The Canadian had to work hard to hold the first game of the second set, three break points, five deuces, almost a quarter of an hour, and he roared at his box after holding. He may have stacked up the errors, 21 to six from Sinner, but he was also well ahead on winners, 15 to six.

Yet there was no sign of a break chance against the crisp, clean hitting of the young Italian as they headed to one hour of play. Shapovalov had to save another break point for 2-1, and a 25th error let a 0-30 advantage slip on Sinner’s serve. The Italian made a stunning pass then a backhand winner to take four straight points to hold. But a rare error from Sinner brought up a first break point, the Canadian converted at his second attempt, and served it out, 6-3, with his eighth net winner of the set.

But if there was any sense of Sinner slowing, it was soon dispelled in another battle to hold in the second game of the third. The tables were turned in the fifth game, though, and the Canadian broke courtesy of a Sinner double fault. A hold, and Shapovalov led 4-2, broke again, and served out the set, 6-2.

At last, Sinner began to flag—he had notched up 15 errors for just three winners in that third set, and he quickly conceded a break in the fourth set. Shapovalov seemed to have the match on his racket, but a couple of zipping winners from Sinner, and a Shapovalov double fault, the Canadian faced 0-40, and was broken 3-3.

The Italian had found a second wind, and powered to a break for the set, 6-4: It would take a fifth decider, but not before Shapovalov took some treatment to his left shoulder.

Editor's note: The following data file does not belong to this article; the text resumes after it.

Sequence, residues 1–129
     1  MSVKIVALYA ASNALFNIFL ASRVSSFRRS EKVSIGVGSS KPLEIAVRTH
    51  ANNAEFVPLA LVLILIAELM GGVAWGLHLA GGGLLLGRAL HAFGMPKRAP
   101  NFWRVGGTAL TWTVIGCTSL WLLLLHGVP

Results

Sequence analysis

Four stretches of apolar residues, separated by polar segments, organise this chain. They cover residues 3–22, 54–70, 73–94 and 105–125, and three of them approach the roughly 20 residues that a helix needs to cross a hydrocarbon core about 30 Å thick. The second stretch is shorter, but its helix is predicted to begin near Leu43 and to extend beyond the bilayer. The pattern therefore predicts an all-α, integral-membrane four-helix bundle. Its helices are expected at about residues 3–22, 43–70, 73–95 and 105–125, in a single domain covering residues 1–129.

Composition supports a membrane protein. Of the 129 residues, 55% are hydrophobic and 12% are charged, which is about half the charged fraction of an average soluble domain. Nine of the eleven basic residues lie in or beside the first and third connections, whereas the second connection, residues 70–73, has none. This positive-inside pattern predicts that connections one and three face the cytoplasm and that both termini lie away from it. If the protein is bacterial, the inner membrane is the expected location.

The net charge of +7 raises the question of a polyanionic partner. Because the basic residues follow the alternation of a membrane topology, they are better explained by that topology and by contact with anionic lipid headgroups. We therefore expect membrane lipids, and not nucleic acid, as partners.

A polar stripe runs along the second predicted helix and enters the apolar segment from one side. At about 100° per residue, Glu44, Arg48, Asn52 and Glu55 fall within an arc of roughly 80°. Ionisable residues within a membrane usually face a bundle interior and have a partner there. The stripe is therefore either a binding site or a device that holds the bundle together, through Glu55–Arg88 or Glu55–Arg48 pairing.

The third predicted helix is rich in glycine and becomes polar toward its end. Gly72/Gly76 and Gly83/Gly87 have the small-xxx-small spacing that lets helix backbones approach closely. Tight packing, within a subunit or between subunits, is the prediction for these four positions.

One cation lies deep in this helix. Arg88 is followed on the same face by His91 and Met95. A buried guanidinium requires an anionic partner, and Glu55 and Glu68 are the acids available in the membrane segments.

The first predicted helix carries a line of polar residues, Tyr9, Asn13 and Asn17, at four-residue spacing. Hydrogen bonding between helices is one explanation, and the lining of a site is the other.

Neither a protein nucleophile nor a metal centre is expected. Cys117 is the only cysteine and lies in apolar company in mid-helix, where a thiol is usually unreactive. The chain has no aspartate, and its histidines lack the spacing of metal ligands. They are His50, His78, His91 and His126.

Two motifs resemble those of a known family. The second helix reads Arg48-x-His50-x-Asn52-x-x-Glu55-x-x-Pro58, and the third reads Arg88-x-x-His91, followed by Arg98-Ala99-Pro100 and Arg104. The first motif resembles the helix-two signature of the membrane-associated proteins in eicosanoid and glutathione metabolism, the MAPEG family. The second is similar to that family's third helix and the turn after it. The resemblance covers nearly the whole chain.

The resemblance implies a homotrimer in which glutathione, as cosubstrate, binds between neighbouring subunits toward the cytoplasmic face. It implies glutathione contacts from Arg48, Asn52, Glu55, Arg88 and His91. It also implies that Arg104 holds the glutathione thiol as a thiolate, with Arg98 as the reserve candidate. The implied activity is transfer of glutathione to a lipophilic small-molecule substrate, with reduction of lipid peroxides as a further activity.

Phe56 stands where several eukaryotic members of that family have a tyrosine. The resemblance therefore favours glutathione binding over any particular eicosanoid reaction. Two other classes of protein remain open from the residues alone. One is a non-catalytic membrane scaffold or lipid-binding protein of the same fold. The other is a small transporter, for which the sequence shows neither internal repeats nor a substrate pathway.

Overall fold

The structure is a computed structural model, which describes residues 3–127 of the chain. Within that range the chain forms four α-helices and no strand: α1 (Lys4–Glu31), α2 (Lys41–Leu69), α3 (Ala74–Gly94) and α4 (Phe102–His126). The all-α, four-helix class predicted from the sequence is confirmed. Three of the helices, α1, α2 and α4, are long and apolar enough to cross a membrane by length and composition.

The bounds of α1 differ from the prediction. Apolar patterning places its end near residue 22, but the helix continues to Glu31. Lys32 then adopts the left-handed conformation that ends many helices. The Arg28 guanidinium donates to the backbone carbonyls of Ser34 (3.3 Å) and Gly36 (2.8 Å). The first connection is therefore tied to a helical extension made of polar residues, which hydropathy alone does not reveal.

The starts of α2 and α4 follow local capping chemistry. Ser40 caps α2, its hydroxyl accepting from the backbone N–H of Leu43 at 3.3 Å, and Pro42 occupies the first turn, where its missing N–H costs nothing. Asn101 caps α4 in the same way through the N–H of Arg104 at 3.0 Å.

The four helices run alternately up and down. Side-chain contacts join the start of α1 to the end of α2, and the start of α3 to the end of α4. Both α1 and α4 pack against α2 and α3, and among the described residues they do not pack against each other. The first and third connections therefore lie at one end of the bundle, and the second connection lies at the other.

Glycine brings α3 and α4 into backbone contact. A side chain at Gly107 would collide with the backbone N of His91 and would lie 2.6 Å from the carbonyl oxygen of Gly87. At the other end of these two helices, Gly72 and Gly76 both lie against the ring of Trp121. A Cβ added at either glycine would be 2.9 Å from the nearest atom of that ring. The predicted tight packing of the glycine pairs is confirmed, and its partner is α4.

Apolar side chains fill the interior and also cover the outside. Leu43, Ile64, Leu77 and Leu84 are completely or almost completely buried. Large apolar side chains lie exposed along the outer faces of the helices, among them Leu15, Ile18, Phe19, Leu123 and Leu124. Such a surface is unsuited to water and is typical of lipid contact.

A long opening game was eventually nabbed with a break to the Canadian. However, a couple of under-arm serves suggested some concern about his shoulder. He held on, but both men were looking sore and tired as Shapovalov stepped up to serve for the set, 5-4.

A brutal long rally brought up match point, but Sinner, bent double, found a superb return to save it. Shapovalov could not find a first serve, and then double faulted, his ninth, for break point. But a timely first serve brought up another match point, and a winner down the line, his 62nd of the match, sealed it, 6-4 after almost four hours.

This is surely the first of a great new rivalry that will endure for more than a decade: And that is a great prospect for fans in years to come.

Big winners

· Top seed and eight-time champion Novak Djokovic started his defence by dropping just six games against Jeremy Chardy, 6-3, 6-1, 6-2.

· Dominic Thiem, No3 seed, US Open champion and runner-up to Djokovic in last year’s Australian Open, beat Mikhail Kukushkin, 7-6 (2), 6-2, 6-3.

· Former champion and No17 seed Stan Wawrinka beat Pedro Sousa 6-3, 6-2, 6-4.

· No14 seed Milos Raonic beat Federico Coria, 6-3, 6-3, 6-2.

· Champion in 2019 and No3 seed Naomi Osaka beat Anastasia Pavlyuchenkova, 6-1, 6-2.

· French Open champion and No15 seed Iga Swiatek raced into Round 2, 6-1, 6-3, over Arantxa Rus.

· The 2019 US Open champion and No8 seed, Bianca Andreescu, playing her first match for 15 months, beat Mihaela Buzarnescu, 6-2, 4-6, 6-3.

· World No2 Simona Halep took less than an hour to beat wildcard Lizette Cabrera, 6-2, 6-1.

· Runner-up to Osaka in 2019, No9 seed Petra Kvitova, beat Greet Minnen, 6-3 6-4.

Losing seeds

· Angelique Kerber (23) to Berbarda Pera, 6-0, 6-4

· Alison Riske (24) to Anastasia Potapova, 6-2, 6-1

· Qiang Wang (30) to Sara Errani, 2-6, 6-4, 6-4

· Benoit Paire (25) to Egor Gerasimov, 6-2, 2-6, 7-6(5), 7-5

· Gael Monfils (10) to Emil Ruusuvuori, 3-6, 6-4, 7-5, 3-6, 6-3